Private estates in South Africa are entitled to establish and enforce their own traffic rules and issue traffic fines.
This was the finding of the Supreme Court of Appeal (SCA) which ruled on a long-running case in which Niemesh Singh, a resident of Mount Edgecombe Country Club Estate, claimed that speed trapping in the estate was unlawful.
Due to various factors in our beloved country, such as safety and peace of mind, secure estates have become more and more popular over the years. While most of us would consider it common sense that it is inappropriate to drive 60km/h or more inside a closed off area where children could be running around, the enforceability and consequences of not abiding by the estate’s road rules have been brought into questioning. In this specific case, Mr. Singh’s daughter was caught on 3 different occasions exceeding the speed limit. The matter was taken to court and the final finding was that: “Private estates in South Africa are entitled to establish and enforce their own traffic rules and issue traffic fines.”
With the above-mentioned in mind, it leaves room for debate with regards to who is to be held accountable. According to the court finding, the only people that can be held accountable are the homeowners of the private estate because they are the parties that have voluntarily entered into an agreement with the estate to abide by its rules. What about non-owners who have been granted access to the estate? Does this mean that the homeowner will be held accountable for his/her guests’ transgressions? The judgement makes it clear that the only persons who can be held liable are the residents and not their visitors.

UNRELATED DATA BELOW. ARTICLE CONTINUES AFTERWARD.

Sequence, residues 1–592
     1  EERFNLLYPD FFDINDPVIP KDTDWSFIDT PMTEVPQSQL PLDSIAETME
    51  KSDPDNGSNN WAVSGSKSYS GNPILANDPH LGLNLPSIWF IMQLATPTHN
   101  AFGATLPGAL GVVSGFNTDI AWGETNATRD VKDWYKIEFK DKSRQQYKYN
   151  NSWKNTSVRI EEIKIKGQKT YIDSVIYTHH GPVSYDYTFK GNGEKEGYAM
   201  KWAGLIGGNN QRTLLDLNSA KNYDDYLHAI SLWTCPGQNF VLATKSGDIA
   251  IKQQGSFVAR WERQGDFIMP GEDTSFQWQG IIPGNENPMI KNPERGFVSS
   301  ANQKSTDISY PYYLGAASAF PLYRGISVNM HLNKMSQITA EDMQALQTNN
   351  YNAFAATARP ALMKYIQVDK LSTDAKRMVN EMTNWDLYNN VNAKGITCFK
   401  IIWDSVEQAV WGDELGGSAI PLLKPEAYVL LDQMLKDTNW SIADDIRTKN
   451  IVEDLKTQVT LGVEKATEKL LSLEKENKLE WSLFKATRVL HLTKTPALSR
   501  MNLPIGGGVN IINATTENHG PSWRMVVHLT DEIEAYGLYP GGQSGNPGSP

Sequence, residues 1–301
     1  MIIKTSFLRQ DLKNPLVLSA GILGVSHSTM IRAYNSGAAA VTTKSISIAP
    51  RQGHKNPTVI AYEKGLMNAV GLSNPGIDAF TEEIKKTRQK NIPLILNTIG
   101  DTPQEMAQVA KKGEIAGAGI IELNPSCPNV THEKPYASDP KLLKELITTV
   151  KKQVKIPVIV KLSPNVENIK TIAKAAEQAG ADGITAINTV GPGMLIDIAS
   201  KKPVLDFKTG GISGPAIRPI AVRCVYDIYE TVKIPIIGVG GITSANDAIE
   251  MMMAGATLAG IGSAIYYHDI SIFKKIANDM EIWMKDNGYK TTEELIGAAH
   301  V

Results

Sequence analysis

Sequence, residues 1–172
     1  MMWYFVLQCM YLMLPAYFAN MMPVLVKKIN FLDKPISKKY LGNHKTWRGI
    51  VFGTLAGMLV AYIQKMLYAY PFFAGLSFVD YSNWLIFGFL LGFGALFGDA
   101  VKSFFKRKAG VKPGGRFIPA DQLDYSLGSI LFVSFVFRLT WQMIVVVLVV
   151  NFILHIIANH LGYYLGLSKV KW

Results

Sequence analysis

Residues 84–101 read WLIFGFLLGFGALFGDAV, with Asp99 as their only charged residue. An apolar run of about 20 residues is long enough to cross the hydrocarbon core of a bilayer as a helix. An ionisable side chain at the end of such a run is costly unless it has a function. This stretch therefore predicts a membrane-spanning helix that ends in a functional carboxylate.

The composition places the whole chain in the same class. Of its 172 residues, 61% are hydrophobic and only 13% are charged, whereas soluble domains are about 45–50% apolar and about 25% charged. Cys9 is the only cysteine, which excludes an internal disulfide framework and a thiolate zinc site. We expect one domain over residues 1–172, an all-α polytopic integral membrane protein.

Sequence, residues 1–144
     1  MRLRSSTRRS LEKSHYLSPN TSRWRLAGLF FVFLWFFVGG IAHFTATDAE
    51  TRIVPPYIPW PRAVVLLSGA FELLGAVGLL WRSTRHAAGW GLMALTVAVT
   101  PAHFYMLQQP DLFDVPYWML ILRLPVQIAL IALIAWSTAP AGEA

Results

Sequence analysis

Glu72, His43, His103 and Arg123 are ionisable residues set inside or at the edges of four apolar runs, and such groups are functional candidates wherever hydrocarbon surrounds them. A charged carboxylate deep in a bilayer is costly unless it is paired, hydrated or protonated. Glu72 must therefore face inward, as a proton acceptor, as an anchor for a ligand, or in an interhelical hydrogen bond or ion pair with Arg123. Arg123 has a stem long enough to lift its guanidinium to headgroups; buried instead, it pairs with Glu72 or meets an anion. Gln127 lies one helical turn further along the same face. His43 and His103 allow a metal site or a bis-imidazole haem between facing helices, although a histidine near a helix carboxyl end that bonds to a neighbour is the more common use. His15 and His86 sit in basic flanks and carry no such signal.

It is unfortunate when the safety and well-being of a community is disregarded not only by visitors but also the community’s residents. What we need to remember is the fact that the private estates do not conjure up these rules because they feel like their rule book doesn’t hold enough volume, it is there to protect all members who choose to enter the estate. “Living is easy with eyes closed.” says John Lennon on more than one occasion. The approach of “it won’t happen to me” is a foolish one because an accident can happen in the blink of an eye and then it is too late. A simple solution is to simply abide by the rules.